This summer’s travels are my little happiness project. As I’ve gotten older I’ve given up the idea that happiness is found because we made the perfect life decisions or did creative work or have a great relationship with our spouse. I know for me, I am much more simple than that.

So biking my way across Europe means I hit almost all my happiness serotonin sweet spots… I’m outside in the sun, doing something physical but fun, traveling, which lightens my mood, makes me laugh more, which makes my kids happier, so they laugh more, which infects my husband with joy and he’s sweeter to me, then I love him more, while drinking wine, eating fresh bakery goods (or sweets) and having some of the best coffee in the world. Win, win, win, and win some more.

Day 1: Leave Pamplona at noon. Blistering sun overhead. Get on the highway, whatever, Google said to do it. Get escorted off the highway. Right. Detour to a minor road, popping a tire along the way. Slip a chain. Continue on. 15 km in, find a spot to stealth camp off the main road.

Day 2: Ride entirely uphill all day. Pass signs that say, 8% grade, 10% grade, 12% grade. Walk up hill pushing your bike so much that you have competing soreness from biking and walking. Make it 45 km, then after coasting down the most spectacular road of your life, blow your tire out completely, with no spare tube. Beg a farmer to camp on his land. Walk 7 km with busted bike to the next town. It’s Sunday. Nothing is open. Send husband off on bus after we’re told we can’t take the bikes with us, and hope he can find something in San Sebastián.

Okay let’s just say it: I’m a little depressed.

I realized it this week because I had a call with my editor and agent and thought, “oh god, I suck”. That’s called negative self-talk and it’s insane. Here are two people who are heavily invested in me, and yet I’m self-shaming and worrying about everything that comes out of my mouth. Why? Because depression is sneaky. It seems like it should be about laying around in bed and not taking showers, but sometimes it’s about just hating on yourself for no reason.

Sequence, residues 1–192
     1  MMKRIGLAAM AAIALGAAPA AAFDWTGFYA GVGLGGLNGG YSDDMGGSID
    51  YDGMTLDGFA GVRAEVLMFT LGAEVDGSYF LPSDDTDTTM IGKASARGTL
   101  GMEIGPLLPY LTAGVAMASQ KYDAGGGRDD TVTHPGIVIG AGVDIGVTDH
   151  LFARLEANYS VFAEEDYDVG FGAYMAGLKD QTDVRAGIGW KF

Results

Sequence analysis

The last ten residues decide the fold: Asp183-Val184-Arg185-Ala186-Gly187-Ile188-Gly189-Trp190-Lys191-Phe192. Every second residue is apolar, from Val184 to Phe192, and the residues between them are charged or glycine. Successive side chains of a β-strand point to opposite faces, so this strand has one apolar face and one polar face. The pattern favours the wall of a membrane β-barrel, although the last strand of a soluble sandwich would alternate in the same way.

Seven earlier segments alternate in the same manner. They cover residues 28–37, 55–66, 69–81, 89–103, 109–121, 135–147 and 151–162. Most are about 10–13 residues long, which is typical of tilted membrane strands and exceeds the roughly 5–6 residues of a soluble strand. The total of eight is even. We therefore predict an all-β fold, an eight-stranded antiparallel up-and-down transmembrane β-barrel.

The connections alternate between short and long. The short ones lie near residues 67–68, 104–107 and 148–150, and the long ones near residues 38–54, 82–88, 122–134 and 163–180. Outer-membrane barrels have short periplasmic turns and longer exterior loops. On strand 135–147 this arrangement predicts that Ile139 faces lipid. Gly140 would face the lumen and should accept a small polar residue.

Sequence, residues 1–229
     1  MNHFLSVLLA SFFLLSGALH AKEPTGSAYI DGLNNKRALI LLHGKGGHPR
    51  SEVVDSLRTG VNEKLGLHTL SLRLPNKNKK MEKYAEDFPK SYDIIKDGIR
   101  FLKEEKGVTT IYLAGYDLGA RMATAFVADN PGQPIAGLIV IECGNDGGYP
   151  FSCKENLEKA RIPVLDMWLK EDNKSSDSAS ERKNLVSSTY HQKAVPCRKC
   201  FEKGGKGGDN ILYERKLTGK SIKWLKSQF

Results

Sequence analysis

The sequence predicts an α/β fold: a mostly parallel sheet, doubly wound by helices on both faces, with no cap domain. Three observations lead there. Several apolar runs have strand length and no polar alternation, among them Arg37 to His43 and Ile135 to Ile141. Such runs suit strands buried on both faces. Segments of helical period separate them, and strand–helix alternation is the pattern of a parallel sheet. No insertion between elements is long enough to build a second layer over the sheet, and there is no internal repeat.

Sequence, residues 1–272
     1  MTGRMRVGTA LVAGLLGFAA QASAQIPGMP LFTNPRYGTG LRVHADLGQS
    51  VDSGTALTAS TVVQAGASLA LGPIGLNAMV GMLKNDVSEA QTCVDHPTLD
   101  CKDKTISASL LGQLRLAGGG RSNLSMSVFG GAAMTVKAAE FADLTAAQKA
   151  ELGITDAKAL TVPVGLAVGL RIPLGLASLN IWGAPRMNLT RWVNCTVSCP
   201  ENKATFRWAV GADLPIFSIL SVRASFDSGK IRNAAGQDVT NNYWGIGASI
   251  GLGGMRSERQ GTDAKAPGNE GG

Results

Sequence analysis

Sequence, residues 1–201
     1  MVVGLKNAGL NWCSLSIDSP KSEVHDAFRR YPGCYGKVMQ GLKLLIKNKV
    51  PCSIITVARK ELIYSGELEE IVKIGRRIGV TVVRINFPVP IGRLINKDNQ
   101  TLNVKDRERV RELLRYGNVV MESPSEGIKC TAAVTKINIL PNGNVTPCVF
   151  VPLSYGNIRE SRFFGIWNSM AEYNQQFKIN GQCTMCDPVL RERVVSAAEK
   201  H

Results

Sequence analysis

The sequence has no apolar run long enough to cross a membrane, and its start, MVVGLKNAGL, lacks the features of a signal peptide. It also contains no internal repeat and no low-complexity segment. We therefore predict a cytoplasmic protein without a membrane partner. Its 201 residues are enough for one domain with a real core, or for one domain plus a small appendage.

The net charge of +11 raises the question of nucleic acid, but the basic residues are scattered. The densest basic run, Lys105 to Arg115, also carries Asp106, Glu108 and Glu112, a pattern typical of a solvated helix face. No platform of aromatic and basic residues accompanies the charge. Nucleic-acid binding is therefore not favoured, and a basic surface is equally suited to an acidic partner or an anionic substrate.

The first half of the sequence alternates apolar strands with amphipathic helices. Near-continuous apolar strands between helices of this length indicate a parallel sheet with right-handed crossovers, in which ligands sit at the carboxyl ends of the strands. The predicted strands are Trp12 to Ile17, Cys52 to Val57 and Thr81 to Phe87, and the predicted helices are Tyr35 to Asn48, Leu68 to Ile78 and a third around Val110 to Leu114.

Drew, wisely, just nodded. But that’s the thing. When you’re a mom, you’re the center of the family. If you’re unhappy, even a little, it unbalances everything.

In this composition, the composer strived for a similar experience of encountering an (musical) object. This quest led to a research-oriented approach towards the musical material – an approach in which the chosen musical material is employed as a singular object investigated several times throughout the time-continuum of the piece.

This interaction creates more tension and concentration through constant listening & cueing between musicians and this, in turn, introduces ‘the second dimension’ to the piece.

In other words, the musical material is regarded as a prism viewed from different angles and under different lightings. Hence, the musical material is not used as a departure point that would ‘lead somewhere’; an entity that needs to be ‘developed’, ‘processed’ and eventually ‘transformed’ into something else.

They should have named this the Goat Islands, but really the Canary Islands weren’t named after the bird either.   A fact about the signs in Fuerteventura:  they don’t make goat crossing signs, so the resourceful islanders use deer crossing ones instead.  So I spent the first day driving past the sand dunes on one side and the beach on the other, wondering what kind of deer (!) I should expect to see bounding my way.

This was the view from my apartment.  At the end of the day, I would just watch the windsurfers and kite surfers battle the waves for an hour, and occasionally pull off some amazing jumps. The interior of the island is a mixture of mountains, desert and dunes, and often it feels more like a moonscape than an island paradise.